After a dismal 2011, the market for initial public offerings in the United States is roaring back to life, producing double-digit gains for investors.
Share prices for companies that went public in the U.S. over the prior two years soared nearly 20 per cent in the first quarter, a trend that bodes well for Facebook Inc.’s whopper IPO, expected next month.
But analysts say the best opportunities for investors may lie beyond Facebook, in smaller companies that are pricing their deals at attractive levels to entice investors.
The tempting valuations are the result of an unusually crowded IPO market. After waiting out tough conditions in 2011, when a choppy economy forced many companies to pull back from planned IPOs, a large number of companies are trying to get their deals done in 2012. The candidates range from specialty manufacturers such as Tumi Holdings Inc., which makes high-end suitcases, to the private equity giant Carlyle Group.
“We have the biggest backlog of companies in over a decade,” says Kathleen Smith, a principal with Renaissance Capital LLC, an IPO research and investment firm. “They are lined up, in registration, so there is a lot of inventory.”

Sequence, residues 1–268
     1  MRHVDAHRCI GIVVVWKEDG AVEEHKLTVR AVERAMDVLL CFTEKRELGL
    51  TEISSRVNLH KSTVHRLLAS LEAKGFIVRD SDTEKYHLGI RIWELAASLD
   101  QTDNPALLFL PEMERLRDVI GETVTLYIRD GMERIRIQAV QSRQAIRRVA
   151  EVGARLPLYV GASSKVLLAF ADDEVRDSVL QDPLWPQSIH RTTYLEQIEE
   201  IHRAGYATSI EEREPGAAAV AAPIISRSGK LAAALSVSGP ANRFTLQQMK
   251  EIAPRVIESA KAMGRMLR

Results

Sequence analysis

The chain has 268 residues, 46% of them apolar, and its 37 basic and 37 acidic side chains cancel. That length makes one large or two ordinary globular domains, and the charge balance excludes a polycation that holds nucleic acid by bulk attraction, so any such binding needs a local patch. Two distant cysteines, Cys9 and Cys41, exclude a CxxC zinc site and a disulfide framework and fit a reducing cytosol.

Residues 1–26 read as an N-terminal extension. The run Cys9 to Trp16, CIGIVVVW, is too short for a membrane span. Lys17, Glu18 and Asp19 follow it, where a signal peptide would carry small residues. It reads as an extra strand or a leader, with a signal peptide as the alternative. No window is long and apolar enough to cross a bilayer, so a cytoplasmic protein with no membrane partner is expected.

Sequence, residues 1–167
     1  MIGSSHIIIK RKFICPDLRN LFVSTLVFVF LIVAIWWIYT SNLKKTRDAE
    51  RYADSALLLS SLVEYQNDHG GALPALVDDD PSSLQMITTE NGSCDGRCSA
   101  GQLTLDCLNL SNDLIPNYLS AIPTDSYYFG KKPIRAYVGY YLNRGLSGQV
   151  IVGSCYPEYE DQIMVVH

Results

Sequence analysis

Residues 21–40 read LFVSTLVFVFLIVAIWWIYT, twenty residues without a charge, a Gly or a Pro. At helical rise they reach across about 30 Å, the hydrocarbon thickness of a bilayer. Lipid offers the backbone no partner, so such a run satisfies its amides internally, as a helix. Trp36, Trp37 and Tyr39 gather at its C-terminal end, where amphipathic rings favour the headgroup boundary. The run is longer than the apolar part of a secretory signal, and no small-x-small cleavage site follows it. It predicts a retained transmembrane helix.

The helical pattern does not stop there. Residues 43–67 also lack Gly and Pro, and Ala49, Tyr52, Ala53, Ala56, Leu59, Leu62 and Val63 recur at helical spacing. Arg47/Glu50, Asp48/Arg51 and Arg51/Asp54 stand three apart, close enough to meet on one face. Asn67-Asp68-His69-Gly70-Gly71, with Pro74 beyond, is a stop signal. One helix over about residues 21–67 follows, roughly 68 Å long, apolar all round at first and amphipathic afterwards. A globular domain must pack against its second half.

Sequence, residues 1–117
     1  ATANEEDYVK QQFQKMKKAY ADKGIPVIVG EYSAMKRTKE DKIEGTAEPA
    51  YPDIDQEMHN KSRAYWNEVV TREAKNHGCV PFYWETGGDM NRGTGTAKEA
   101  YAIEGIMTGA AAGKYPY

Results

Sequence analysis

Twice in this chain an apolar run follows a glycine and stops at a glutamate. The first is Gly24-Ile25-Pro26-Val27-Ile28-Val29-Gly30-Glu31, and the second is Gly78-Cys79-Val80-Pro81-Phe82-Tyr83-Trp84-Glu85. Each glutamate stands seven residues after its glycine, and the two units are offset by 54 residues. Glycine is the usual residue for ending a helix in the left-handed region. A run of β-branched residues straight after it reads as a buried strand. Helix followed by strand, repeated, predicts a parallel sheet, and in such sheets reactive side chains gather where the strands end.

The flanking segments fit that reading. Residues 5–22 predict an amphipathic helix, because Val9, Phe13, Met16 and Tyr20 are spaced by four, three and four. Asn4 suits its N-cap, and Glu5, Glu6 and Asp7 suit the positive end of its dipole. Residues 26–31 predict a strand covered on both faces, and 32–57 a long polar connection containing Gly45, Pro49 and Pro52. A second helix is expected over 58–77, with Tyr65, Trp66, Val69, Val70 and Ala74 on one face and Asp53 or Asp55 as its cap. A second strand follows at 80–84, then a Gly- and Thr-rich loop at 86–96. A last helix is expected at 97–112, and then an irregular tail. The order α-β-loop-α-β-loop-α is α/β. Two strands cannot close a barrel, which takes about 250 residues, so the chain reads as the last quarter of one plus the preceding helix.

The plentiful supply means lower than average valuations as companies give up some cash in return for finally getting their deals done.
“In order to get the investor to step up to look, the deals had to be priced down,” Ms. Smith says. “We are seeing the biggest discounting in years, and it’s continuing.”
Weak pricing for issuers in the first quarter translated into solid gains for investors. Those who were able to get stocks at offering prices on average made a 19-per-cent gain in the first day of trading, followed by an additional 10 per cent gain in aftermarket trading through the quarter, says James Krapfel, equity analyst with Morningstar Inc.
Another force that could aid IPO investors is the market’s growing willingness to pay up for growth potential. At a time when profit growth is slowing among larger companies, a newly public firm with fast-growing revenue can be especially attractive.
“There’s a belief by investors that a large company paying a large dividend may not get you the returns you want,” Ms. Smith says.
“Investors are willing to pay a big premium for growth,” Mr. Krapfel said. This sentiment has been evident in the technology sector, where the stock price of the average tech IPO surged 60 per cent above its offering price and 20 per cent above its initial trading price, according to Morningstar.
Mr. Krapfel warns that valuations for companies connected to the red-hot area of cloud computing have become “frothy.” Guidewire Software Inc. , Brightcove Inc. , Demandware Inc. and Bazaarvoice Inc. have seen their stocks climb more than 50 per cent since their debuts last quarter.
Most IPO prices, though, remain far from bubble territory, with the average post-IPO stock trading at only 15.8 times trailing earnings, according to Renaissance Capital.
Facebook, which has chosen to list on the Nasdaq, has yet to put a price on its offering. Early indications are that the deal will price the entire company at as much as $100-billion (U.S.).
“We would not put all our eggs in one basket,” says Ms. Smith. “However, there is something about Facebook that could make us look conservative if we advise people not to chase this one.”